The Polk County Board of Commissioners and Polk County Board of Education will work together in coming months on a non-partisan approach to providing more information about candidates for local school board elections.
The two boards have historically worked together to place first the needs of local students and schools, one reason that Polk County Schools is consistently ranked as one of the top public school districts in North Carolina.
The boards will expand that relationship by developing candidate public forums for the 2022 election, in which four seats on the Board of Education will be on the ballot. The public forums will provide county voters with an opportunity to learn more about each candidate and their views on public education.
The boards will identify and work with a local non-partisan group to oversee the candidate forums. Former Polk County Schools Superintendent William J. Miller is expected to help lead that effort.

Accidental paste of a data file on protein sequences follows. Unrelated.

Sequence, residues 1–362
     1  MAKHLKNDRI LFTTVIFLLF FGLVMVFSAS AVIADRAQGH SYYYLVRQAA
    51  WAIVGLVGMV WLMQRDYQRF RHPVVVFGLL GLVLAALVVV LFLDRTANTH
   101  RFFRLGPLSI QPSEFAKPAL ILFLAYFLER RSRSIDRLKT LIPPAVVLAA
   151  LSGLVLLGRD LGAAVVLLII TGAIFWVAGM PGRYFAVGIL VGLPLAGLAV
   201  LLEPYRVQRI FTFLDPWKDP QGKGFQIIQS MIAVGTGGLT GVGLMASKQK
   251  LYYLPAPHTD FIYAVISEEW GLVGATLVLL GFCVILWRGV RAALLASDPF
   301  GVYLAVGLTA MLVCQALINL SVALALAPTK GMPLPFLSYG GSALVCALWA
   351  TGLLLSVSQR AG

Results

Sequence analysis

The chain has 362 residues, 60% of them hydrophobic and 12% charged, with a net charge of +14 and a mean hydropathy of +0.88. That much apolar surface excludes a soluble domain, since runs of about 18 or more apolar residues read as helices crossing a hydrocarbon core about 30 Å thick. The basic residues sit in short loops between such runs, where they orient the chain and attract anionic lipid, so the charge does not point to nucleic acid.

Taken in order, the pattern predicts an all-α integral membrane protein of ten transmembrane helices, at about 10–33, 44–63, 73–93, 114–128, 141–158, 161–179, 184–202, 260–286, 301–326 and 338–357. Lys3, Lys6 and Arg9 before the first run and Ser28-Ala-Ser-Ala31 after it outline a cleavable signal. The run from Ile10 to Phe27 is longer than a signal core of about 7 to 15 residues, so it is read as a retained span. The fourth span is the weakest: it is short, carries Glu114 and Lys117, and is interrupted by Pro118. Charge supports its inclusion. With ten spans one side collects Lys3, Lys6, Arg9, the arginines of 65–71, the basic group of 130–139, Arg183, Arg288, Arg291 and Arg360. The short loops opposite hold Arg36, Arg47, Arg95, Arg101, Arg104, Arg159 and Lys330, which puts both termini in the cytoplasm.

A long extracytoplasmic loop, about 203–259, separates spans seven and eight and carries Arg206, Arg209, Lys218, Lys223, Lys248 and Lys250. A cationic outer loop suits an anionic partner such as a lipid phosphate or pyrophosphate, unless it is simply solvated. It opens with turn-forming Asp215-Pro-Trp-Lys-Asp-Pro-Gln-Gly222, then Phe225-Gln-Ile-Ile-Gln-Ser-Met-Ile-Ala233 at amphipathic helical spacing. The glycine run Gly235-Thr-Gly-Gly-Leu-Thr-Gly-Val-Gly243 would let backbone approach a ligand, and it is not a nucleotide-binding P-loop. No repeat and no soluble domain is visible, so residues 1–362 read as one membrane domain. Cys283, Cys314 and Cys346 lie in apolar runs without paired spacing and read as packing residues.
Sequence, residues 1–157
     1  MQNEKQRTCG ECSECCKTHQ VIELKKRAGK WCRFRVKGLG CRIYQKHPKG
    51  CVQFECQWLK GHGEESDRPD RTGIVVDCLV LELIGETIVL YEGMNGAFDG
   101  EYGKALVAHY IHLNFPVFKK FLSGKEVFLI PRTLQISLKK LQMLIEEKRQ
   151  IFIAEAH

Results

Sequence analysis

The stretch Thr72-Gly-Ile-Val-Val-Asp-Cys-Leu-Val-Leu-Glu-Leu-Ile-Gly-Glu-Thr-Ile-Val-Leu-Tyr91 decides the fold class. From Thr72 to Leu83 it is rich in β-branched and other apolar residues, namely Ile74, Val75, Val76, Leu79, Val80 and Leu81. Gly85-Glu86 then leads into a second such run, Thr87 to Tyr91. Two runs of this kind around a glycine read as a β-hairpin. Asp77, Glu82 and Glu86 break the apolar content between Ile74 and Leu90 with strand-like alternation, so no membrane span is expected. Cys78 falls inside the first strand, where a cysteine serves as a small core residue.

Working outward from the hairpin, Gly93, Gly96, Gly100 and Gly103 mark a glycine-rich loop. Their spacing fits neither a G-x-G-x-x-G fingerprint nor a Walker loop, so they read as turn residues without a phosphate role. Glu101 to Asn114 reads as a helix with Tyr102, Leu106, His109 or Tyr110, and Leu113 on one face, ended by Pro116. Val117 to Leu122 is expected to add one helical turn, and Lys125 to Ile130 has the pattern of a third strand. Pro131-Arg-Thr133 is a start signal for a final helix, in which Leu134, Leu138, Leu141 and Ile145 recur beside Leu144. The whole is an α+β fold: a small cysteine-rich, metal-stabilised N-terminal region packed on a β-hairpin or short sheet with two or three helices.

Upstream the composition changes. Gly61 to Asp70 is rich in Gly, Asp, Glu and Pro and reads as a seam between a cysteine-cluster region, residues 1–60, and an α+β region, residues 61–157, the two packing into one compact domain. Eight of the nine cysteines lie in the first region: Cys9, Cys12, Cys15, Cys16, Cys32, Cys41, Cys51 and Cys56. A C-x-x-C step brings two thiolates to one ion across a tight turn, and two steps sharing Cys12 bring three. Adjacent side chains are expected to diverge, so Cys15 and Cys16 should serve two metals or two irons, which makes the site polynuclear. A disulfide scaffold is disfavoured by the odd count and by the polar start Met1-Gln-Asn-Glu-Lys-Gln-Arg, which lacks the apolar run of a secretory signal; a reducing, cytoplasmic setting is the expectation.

Given the planned approach, the Board of Commissioners voted Monday at its regular monthly meeting to remove an agenda item relating to adding a referendum to the November 2022 election that would have allowed voters to weigh in on changing school board elections to be partisan.
In addition to the candidate forums providing voters an opportunity to learn more about each candidate’s views, commissioners noted that a move to partisan elections would make it extremely difficult for registered independent voters to run for a seat on the school board.